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Woman crossing the street on Telegraph with her dog, with a large illustrative mural located next to Mar's vintage in the background.

Berkeley reimagines Telegraph Avenue streetscape as car-free zone

On Monday, Telegraph for People, a campus advocacy group for a car-free Telegraph Avenue, released its illustrated plan for Telegraph Avenue entitled “Option Five.”


A UC Berkeley senior and co-founder of Telegraph for People, Brandon Yung said he saw the project as an opportunity to make Telegraph a car-free zone — an idea that has been discussed for many years. According to Yung, “Option Five” features a possible design to filter out private automobiles, an important step toward combating climate change.


“The biggest motivation for us is going about this advocacy from the perspective of climate change and having our cities transition away from car dependency,” Yung said.


Yung’s “Option 5” comes in response to efforts by the Berkeley Southside Complete Streets Project, a city initiative that seeks to improve the conditions for “people walking, biking, riding transit, driving, and delivering goods and services in Berkeley’s Southside neighborhood,” according to the website.


On Jan. 27, the city will host its second open house to discuss the future of the streetscapes on Telegraph Avenue, Bancroft Way, Fulton Street and Dana Street, according to an announcement on the project’s website.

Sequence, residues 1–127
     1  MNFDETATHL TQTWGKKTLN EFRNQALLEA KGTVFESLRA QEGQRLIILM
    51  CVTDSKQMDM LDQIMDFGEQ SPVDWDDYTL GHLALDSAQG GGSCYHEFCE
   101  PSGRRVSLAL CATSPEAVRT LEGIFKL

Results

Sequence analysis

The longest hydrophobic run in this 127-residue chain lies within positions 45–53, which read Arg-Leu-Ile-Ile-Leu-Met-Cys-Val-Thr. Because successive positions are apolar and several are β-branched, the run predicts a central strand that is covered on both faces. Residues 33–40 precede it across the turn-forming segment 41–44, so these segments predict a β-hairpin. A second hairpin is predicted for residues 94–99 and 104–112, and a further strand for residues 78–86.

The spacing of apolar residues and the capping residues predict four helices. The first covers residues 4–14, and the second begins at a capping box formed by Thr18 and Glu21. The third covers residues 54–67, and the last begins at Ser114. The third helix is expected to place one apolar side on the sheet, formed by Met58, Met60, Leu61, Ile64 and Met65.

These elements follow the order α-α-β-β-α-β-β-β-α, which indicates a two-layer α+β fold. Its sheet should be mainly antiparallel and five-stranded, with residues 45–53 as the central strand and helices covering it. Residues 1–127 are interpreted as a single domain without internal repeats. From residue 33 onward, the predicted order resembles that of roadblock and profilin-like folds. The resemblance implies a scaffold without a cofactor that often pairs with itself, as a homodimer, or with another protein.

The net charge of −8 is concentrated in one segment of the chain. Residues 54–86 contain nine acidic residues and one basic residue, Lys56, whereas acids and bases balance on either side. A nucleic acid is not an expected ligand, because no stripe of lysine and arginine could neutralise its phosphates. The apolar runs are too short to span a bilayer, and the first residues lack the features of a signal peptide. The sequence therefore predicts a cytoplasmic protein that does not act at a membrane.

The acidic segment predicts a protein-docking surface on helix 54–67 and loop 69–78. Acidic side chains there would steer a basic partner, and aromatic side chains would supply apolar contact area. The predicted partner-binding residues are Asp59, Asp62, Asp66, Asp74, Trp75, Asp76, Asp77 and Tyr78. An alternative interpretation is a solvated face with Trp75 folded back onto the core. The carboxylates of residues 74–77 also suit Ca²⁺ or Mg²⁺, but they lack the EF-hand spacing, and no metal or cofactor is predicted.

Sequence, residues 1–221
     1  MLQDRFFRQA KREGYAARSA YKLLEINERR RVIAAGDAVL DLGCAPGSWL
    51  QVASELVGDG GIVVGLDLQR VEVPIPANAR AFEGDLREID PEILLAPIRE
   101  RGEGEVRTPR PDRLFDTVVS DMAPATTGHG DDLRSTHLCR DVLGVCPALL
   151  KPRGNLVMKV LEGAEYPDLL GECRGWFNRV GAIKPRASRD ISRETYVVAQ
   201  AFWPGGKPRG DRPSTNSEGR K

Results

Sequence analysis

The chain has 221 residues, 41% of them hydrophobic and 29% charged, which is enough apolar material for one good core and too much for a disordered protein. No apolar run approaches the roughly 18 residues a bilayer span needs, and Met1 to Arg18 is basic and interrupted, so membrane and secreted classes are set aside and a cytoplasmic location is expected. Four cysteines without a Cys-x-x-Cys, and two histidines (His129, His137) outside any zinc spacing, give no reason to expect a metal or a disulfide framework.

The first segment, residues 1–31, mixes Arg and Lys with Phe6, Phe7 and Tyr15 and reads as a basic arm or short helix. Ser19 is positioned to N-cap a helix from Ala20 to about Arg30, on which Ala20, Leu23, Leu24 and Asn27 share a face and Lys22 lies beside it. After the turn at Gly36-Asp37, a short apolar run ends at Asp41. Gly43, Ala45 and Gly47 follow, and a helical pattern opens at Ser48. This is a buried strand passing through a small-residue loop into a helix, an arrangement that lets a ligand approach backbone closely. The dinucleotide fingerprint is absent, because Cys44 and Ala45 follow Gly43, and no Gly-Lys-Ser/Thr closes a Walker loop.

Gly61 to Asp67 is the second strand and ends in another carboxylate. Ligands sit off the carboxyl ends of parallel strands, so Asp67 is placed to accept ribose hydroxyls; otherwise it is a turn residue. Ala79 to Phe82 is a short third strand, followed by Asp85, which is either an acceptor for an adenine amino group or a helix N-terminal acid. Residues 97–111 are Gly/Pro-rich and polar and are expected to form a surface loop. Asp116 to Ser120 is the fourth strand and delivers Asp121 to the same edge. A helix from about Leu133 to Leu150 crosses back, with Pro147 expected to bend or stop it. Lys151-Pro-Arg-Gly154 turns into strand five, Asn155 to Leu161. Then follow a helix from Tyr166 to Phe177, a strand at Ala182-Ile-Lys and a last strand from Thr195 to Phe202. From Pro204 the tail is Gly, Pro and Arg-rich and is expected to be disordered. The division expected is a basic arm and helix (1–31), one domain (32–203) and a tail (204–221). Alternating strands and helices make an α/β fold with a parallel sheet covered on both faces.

Executive director of the Telegraph Business Improvement District, or TBID, Alex Knox, stated in an email that once plans are put together by the city, TBID and its stakeholders will review and respond to the city’s proposal.


Knox expressed concern about the potential impact certain car-free models could have on businesses located on Telegraph.


“It is fair to assume that a car-free change would harm business operations and reduce the viability of certain business models on the Ave,” Knox said in the email. “There would need to be detailed consideration of the many moving parts that are involved to understand the potential benefits of that change.”


Yung addressed concerns on the impact on businesses, stating that “Option Five” is designed to maintain accessibility for commercial loading vehicles.


City Councilmember Rigel Robinson, a longtime proponent of a shared street model, said he hopes the city will decide on a proposal that best meets the city’s “ambitious plans for the operation of the street in the future.”


“There may be no better neighborhood than Telegraph and Southside to demonstrate what a green, walkable district can look like,” Robinson said.


According to Yung, the city voted in 2012 against a Bus Rapid Transit project, which Robinson viewed as “one of the greatest missed opportunities of the last decade in Berkeley.”


Robinson brought an item to the city council in 2020 calling on the city to reverse its position on the issue. The proposal was approved by the council, which according to Robinson means the city is now ready for a project such as a car-free Telegraph.


“The advocacy from students and residents on this project is critical to maintain momentum and help the city dream big,” Robinson said.


Contact Anna Armstromg at, and follow her on Twitter at @annavarmstrongg.

Image credit:
Meghnath Dey
Daily Cal